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  1. #1
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    Century training ... does MTB time count?

    Hey folks, I'm ramping up for the Death Valley Century on 11/2. This will unfortunately be my only full century this season () although I've done a couple metric centuries this spring/summer. I bike-commute a lot and will be ramping up more, to 100-120 miles a week (or more) for the next few weeks. I've done centuries in the past and have a good feel for the training situation overall.

    My question is this: can I substitute mountain bike time for road bike training time? Is time in the saddle the determing factor in training or is it really miles?

    I'd hate to have to back off my MTBing fun because it's such a welcome change considering that bike-commuting and road biking are so similar. And the weekend is the only time I can MTB, and to do a long ride on my roadie, while definitely a blast, will force me to forego my time with my MTB buds.

    Thoughts? Thanks all.

  2. #2
    BikeForums Founder Joe Gardner's Avatar
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    Yes! 20 miles mtn biking is worth 50 miles on the road! At least, thats what it feels like to me...

  3. #3
    xc AND road WoodyUpstate's Avatar
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    Too much emphasis is placed on miles, and too little on time in the saddle. So, if you are planning to ride 3 or 4 hours in preparation for your century, riding the MTB or road bike may not matter.

    However, 3 hours on an MTB can be very strenuous as the upper body gets involved, too. Your legs and heart may be up to 3 hours, but your back, shoulders and arms may not be up to the same length and intensity as your legs.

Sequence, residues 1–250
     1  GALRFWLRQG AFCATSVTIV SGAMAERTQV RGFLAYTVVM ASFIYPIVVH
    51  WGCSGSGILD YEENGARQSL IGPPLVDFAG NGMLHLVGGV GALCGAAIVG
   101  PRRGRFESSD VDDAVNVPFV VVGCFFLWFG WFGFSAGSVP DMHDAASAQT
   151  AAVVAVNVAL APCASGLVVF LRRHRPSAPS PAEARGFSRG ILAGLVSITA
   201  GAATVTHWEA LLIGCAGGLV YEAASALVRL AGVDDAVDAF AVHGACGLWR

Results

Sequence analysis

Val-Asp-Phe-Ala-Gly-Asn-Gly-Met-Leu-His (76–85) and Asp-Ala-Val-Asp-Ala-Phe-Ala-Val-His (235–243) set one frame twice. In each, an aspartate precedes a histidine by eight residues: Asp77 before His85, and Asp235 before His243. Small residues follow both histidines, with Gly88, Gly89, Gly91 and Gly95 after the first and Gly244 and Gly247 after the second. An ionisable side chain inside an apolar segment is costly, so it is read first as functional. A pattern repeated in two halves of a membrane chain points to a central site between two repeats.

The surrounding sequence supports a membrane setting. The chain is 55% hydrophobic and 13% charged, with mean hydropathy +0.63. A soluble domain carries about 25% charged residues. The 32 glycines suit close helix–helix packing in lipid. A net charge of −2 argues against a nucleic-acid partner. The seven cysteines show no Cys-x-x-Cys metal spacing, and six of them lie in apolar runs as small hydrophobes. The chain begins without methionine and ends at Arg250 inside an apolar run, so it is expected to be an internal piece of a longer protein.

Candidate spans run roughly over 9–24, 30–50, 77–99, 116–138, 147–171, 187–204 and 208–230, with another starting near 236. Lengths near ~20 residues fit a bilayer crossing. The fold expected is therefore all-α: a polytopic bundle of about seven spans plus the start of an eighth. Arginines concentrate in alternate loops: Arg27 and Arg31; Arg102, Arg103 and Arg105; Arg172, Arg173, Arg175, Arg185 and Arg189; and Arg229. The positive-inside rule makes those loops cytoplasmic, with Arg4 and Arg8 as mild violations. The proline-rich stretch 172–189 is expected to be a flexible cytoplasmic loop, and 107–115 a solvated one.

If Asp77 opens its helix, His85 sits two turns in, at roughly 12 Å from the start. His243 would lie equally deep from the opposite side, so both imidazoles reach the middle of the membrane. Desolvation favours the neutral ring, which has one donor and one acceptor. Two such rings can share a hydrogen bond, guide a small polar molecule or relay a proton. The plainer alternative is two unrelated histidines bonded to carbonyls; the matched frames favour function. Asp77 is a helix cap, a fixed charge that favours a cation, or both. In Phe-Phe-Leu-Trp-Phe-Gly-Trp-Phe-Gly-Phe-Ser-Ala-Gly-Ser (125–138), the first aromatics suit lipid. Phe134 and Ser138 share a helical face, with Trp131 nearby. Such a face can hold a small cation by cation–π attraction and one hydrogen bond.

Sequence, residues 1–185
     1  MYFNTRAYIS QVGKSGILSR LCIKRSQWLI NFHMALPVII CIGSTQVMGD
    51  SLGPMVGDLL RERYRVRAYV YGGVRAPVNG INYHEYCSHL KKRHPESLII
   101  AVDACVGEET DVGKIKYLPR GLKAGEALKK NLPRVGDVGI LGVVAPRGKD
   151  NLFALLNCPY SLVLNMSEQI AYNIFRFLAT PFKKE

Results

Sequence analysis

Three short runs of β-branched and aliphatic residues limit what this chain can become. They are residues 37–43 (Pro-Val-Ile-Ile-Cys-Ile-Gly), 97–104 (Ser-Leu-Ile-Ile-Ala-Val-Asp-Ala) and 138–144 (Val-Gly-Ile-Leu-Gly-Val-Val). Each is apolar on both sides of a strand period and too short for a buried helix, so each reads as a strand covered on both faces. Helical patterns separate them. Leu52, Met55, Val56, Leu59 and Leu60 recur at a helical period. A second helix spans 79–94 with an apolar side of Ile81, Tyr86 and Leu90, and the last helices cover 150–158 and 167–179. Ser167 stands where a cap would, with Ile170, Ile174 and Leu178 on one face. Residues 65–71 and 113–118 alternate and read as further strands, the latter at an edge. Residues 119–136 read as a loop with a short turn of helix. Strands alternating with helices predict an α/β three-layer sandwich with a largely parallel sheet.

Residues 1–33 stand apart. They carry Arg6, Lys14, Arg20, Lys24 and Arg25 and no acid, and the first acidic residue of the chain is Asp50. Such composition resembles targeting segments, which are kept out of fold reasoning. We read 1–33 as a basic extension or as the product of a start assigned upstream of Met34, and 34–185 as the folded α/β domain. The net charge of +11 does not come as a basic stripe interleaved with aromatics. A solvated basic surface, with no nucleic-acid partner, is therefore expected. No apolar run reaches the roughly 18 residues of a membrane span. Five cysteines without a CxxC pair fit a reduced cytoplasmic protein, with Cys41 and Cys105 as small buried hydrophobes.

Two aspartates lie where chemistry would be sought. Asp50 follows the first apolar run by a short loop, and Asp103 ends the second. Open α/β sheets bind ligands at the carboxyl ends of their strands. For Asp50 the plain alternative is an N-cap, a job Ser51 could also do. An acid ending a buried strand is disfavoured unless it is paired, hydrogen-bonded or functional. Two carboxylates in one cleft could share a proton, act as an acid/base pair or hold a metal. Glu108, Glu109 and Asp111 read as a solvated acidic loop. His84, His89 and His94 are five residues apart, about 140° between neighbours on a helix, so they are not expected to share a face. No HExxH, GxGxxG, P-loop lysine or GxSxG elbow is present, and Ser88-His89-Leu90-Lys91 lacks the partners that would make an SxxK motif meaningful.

Secondly, I like to spin at around 100 to 105 rpm on the road bike, but I'm more of a masher in the woods on the MTB. I find that after a week of only MTB riding it takes a ride or two to get my cadence back up and my pedal stroke "round" again on the road bike.

    If you can spend enough time in the saddle of your MTB you can get ready for a long road ride, but I would use the road bike for your long days and the MTB for shorter rides after work.

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    Thanks for responses, guys. WoodyUpstate, what you suggest sounds good but I was hoping to preserve my weekend long ride for the MTB.

    Dang. But it does make sense that you have to train specifically for the event your training for.

    Thanks for responses.

  5. #5
    cycle-powered nathank's Avatar
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    well, Andy, i think in general most of the MTB training should cross-over pretty well...

    but, for optimal performance you'd be better off putting in more miles on the road (although on the MTB on the road should make less difference)... for example, most of the pro XC racers these days do a large majority of their training on the road.

    i am primarily an XC rider, but i do some road racing (mostly crits) and there is a big difference in the course and characteristics. in a road race you ride at a sustained pace for long periods of time with an occaisonal jump during and attack or a hill-climb and an occaisonal rest on a downhill. in most XC you swing a lot more from major power acceleration out of a corner and up a climb and then can (comparatively) rest those legs for a downhill or a technical section.

    so, in general, the fitness should cross over and the saddle time is probably the most important. so the question is how well you want to do? if you just want to ride strong and finish then no problem... if you want to be competitive, you better spend at least one day a week on a long (preferably small group) road ride.

    like almost any sport: cross-training almost always provides some benefit as long as it doesn't contribute to overtraining or detract from you main-sport training, but with the exception of weight training for some sports (cycling is debatable) there is usually no substitute for the real thing...

    as an XC rider, when i get out on the road bike, i have no problem on the hills and the sprints, but i do get really winded and have to work much too hard on the flats and long sustained sections (therefore, i try and draft ALL the time) b/c i am not used to training for long continuous mid-level power output without and recovery sections like i'm used to in XC...
    why drive when you can ride?
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